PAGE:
A tradition of self-experimentation

As new and returning medical students come to Washington University in St. Louis to throw themselves into their studies, we remember that self-experimentation in medical research has a long tradition at the School of Medicine.

One of the earliest examples involves two medical school students, Alfred Goldman, MD 1920, and Samuel B. Grant, MD 1920, and graduate student Stuart Mudd, MA 1918. They began a series of studies on themselves hoping to prove whether exposure to cold increased a person’s susceptibility to respiratory tract infections. They took turns sitting in the large freezer in the lab of Joseph Erlanger, head of the Department of Physiology. Goldman and Grant took cultures of their throats before, after and during exposure to the cold in “Uncle Joe’s” freezer. Their experiments proved that exposure to cold constricts the mucous membranes of the nose and throat making the body more susceptible to respiratory tract infections.

However, in the course of these experiments they developed symptoms of tetany – muscular spasms and cramping. Goldman and Grant came to realize this was caused by their rapid breathing while shivering in the freezer. They followed up on this observation by conducting experiments with hyperventilating. They increased the rate of their breathing using a metronome to show that over-breathing caused increased alkaline pH levels in their bodies, which led to the spasms and contractions.

Goldman and Grant published several papers on hyperventilation and tetany which continue to be cited in medical literature. Both Goldman and Grant became dedicated physicians and teachers at the School of Medicine. Goldman also continued to actively engage in clinical research.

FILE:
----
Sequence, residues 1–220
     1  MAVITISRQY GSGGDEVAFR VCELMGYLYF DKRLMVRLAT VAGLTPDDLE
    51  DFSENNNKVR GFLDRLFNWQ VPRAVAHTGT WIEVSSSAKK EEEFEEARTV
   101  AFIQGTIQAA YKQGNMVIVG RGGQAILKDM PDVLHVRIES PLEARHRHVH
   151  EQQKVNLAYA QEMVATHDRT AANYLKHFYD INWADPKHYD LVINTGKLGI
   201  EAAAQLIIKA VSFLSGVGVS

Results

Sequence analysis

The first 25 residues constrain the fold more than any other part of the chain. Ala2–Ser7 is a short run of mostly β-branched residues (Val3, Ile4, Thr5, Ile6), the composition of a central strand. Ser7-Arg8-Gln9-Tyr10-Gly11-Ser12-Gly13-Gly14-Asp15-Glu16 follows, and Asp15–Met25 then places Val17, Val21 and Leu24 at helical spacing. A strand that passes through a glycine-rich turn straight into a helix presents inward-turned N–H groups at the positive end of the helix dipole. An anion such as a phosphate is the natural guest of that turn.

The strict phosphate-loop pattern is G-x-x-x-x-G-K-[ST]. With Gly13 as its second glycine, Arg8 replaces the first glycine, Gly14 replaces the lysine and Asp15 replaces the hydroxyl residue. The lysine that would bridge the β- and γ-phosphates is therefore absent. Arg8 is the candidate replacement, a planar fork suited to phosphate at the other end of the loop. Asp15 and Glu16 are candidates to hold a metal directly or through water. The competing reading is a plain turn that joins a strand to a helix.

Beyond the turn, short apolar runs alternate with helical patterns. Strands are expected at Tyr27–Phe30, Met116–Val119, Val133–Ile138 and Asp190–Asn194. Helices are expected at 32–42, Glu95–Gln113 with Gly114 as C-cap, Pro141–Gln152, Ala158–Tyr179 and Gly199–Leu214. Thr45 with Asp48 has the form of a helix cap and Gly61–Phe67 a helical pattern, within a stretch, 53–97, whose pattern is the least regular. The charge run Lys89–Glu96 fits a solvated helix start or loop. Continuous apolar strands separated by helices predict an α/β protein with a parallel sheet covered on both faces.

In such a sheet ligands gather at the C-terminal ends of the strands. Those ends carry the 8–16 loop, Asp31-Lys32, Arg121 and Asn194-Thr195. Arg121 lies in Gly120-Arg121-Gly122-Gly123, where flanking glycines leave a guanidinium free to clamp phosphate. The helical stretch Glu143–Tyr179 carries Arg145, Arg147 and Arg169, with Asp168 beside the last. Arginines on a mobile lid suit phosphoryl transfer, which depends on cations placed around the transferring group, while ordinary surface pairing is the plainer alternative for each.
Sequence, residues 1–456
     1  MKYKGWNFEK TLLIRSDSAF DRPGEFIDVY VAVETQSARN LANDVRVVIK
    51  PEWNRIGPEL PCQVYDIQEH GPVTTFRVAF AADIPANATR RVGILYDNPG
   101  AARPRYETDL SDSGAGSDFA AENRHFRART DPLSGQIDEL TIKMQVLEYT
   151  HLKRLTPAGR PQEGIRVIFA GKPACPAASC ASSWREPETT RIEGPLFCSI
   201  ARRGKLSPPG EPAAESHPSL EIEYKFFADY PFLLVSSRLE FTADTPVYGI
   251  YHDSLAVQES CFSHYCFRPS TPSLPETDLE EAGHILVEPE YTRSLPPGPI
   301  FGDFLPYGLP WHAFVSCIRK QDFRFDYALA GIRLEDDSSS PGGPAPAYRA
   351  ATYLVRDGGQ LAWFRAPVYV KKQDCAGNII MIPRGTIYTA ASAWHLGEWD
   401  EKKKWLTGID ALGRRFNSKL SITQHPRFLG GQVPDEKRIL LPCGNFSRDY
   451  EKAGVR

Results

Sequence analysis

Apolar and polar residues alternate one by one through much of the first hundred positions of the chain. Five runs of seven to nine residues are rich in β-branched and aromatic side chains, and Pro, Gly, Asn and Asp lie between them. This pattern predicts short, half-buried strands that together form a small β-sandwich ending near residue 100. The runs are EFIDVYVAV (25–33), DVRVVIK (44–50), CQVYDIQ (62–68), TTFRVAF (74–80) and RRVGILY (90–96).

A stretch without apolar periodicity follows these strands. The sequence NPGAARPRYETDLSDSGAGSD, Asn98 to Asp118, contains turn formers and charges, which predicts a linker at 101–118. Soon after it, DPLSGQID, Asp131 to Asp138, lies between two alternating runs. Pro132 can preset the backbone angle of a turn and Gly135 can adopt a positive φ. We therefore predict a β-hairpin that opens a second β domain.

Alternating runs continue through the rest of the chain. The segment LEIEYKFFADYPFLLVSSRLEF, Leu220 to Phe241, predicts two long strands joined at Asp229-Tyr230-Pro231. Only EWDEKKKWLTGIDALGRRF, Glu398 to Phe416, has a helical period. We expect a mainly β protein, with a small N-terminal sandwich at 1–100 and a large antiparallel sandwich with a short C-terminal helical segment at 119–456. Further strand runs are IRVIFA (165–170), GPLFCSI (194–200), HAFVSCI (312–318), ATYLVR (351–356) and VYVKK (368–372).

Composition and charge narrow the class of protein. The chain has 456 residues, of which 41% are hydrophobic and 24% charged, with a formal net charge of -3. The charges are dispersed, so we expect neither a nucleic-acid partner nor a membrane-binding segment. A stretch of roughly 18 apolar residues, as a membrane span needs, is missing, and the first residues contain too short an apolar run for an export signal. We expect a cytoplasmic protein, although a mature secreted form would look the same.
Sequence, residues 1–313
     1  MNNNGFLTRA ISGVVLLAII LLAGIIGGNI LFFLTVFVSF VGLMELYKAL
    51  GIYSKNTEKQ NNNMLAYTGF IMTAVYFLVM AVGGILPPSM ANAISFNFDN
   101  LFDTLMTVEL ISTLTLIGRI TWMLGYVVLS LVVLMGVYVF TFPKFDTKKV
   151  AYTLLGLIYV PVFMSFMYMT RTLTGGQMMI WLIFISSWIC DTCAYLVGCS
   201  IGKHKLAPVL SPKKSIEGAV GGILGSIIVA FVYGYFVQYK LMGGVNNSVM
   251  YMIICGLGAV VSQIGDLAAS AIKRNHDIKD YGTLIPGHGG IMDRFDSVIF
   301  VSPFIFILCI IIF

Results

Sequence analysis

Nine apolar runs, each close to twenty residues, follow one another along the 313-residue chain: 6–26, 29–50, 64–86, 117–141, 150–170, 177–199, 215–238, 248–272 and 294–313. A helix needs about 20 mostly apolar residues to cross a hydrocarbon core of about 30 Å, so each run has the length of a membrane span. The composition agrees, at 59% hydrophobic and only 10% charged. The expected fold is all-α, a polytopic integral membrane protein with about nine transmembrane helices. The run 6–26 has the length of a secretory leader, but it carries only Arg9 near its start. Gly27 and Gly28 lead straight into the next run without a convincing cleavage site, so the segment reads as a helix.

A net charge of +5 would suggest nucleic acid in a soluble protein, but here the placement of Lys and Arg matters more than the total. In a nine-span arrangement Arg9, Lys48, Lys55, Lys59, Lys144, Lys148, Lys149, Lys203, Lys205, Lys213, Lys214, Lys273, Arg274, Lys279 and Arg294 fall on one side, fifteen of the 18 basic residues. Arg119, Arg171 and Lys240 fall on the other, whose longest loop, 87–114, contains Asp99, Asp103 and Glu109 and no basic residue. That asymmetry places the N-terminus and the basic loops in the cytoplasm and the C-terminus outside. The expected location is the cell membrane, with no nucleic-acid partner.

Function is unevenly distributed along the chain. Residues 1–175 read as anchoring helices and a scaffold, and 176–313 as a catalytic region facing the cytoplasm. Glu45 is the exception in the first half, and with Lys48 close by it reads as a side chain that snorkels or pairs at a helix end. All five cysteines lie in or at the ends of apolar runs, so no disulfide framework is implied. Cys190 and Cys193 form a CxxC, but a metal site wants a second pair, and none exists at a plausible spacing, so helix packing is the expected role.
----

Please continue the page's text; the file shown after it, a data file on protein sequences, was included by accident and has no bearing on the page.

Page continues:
Carl V. Moore, the head of the department of medicine, once said to Goldman,: “There are few physicians in this world who can carry on an active practice, become an outstanding teacher, and make three or four major scientific medical discoveries to boot. I do not think I could possibly convey adequately to you how much you have meant to this school, to our department, and to me personally.”

Grant contributed to the school in many ways, and in his personal life became an inspiration to his family, colleagues and patients. For the last two decades of his life, after suffering a debilitating stroke, a simple trainman’s glove became a symbol of his optimistic determination. In charge of his own therapy, he insisted he should try to walk each day. He had a long iron railing installed in his backyard to assist him in his “laps.” Regardless of the weather, if it was freezing cold or blistering hot, he would walk, the thick trainman’s glove protecting his hand.

Alfred Goldman died in 1973. Samuel B. Grant died in 1982.